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Mullineux & Leeu Family Wines

After working several vintages at wineries in France, South Africa and California, Chris and Andrea chose to settle in the Swartland region of South Africa, firmly believing that the granite and schist-based terroirs and old vineyards of the Swartland have the potential to produce truly great wines.

Millineux & Leeu Family Wines is a highly focused family winery based near the village of Riebeek Kasteel, in the Swartland region of South Africa. They produce a select range of hand-crafted wines from the granite and shale based soils of the area.

The Swartland is a beautiful and wild place. The landscape is a series of rolling hills with a few significant outcrops of rock that form the Paardeberg, Kasteelberg and Piketberg mountains. It is not an easy place to establish vines and is a region that has as much of an influence on the vineyards and people who farm there as the people have on the land itself.

“We feel the Swartland landscape bares the souls of grape vines and in those varieties that can take the ruggedness, true personality of site is revealed.”

Mullineux was established in 2007, when Chris and Andrea Mullineux settled in the Swartland wine region, 60km north of Cape Town. Within a very short period, the winery established iteslef as one of South Africa’s most celebrated wine brands, both locally and on the international front. By 2020, the winery had received thirty 5-star ratings from Platter’s South African Wine Guide, as well as being awarded Platter’s Winery of the Year an unprecedented 4 times, in 2014, 2016, 2019 and 2020. In addition, Andrea was named Wine Enthusiast’s 2016 Internationl Winemaker of the Year and in 2016, Chris and Andrea were Tim Atkin’s South African Winemakers of the year.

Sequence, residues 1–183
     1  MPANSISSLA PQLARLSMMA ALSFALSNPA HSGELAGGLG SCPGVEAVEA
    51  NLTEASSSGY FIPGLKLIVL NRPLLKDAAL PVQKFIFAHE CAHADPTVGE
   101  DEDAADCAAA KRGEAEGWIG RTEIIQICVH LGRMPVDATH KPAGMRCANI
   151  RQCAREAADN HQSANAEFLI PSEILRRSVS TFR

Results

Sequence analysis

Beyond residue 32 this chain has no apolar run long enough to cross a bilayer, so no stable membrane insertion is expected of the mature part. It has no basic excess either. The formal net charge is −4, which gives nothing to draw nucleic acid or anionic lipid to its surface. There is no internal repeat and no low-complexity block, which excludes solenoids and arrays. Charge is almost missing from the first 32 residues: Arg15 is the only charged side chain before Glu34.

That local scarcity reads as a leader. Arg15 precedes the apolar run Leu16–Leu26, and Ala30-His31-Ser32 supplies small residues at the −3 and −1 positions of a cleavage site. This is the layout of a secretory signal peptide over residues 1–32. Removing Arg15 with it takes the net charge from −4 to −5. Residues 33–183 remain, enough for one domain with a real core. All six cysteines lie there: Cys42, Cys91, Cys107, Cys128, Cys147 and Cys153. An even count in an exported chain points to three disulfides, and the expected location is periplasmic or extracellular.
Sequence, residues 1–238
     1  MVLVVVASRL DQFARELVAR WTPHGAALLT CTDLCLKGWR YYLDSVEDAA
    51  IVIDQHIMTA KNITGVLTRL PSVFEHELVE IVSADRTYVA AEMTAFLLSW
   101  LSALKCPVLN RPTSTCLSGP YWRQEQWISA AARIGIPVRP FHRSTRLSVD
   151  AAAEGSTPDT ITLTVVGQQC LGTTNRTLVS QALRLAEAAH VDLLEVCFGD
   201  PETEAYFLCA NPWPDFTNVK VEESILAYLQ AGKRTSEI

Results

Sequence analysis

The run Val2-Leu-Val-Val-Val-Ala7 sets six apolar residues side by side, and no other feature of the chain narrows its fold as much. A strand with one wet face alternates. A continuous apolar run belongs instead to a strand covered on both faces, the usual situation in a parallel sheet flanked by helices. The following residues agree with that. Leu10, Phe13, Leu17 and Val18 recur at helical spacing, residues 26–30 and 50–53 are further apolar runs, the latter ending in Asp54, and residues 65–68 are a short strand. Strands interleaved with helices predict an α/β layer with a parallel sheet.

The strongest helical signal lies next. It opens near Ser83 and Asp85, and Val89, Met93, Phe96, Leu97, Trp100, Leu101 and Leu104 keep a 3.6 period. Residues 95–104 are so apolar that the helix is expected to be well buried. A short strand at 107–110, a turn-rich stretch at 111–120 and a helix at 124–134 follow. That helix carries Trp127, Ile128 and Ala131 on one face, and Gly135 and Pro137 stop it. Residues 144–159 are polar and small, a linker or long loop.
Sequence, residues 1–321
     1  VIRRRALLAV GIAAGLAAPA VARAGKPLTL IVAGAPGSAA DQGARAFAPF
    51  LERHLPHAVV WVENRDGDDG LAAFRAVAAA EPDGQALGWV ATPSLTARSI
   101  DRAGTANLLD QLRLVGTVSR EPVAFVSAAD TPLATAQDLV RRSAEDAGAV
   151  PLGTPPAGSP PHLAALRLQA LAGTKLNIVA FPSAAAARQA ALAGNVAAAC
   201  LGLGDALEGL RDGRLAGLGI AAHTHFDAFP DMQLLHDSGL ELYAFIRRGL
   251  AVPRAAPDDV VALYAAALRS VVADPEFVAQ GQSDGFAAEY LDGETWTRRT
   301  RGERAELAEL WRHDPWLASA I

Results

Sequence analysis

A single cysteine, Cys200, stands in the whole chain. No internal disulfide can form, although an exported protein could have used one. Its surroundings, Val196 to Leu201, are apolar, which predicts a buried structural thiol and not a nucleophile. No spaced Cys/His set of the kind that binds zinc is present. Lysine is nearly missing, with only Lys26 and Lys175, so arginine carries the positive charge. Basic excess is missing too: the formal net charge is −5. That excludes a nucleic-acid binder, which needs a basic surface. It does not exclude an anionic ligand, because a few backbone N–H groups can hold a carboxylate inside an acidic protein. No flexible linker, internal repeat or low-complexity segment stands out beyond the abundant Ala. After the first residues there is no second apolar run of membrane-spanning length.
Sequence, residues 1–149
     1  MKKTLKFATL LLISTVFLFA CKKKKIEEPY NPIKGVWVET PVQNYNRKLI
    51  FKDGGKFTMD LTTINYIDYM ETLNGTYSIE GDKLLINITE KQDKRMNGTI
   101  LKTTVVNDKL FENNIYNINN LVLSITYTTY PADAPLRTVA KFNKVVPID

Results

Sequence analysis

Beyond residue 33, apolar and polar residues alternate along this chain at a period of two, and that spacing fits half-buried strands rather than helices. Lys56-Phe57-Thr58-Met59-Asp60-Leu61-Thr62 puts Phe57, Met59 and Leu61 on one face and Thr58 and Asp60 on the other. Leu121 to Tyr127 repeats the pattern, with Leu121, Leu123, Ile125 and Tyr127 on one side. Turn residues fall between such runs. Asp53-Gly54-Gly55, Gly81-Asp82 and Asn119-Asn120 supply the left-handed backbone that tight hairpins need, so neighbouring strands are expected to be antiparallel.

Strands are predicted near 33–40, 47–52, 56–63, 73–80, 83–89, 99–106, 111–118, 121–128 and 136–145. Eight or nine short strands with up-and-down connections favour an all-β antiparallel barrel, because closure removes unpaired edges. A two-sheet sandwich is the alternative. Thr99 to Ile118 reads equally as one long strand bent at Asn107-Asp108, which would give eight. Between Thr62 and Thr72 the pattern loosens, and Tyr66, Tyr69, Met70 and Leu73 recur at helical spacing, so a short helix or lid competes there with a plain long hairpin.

In 2013, Chris and Andrea joined forces with Analijt Singh. Together with founding partner Peter Dart, they started a parallel winery in Franschhoek called Leeu Passant. The Leeu Passant winery located on Leeu Estates, which also is the home of Analijt’s hospitality portfolio, the Leeu Collection.

Their aim is to bottle wines that are a true expression of the Swartland. All steps of their winemaking process are taken with this aim in mind and they pay the highest possible attention to detail in everything they do. A natural, minimalist approach is followed both in the vineyard and the cellar. They work closely with a select group of growers who follow sustainable, reasoned farming practices. In the cellar, apart from minimal amoounts of sulphur, nothing is added to or removed from their wines. They do not make use of any yeasts, acids, tannins, enzymes or fining and filtering agents.

Soils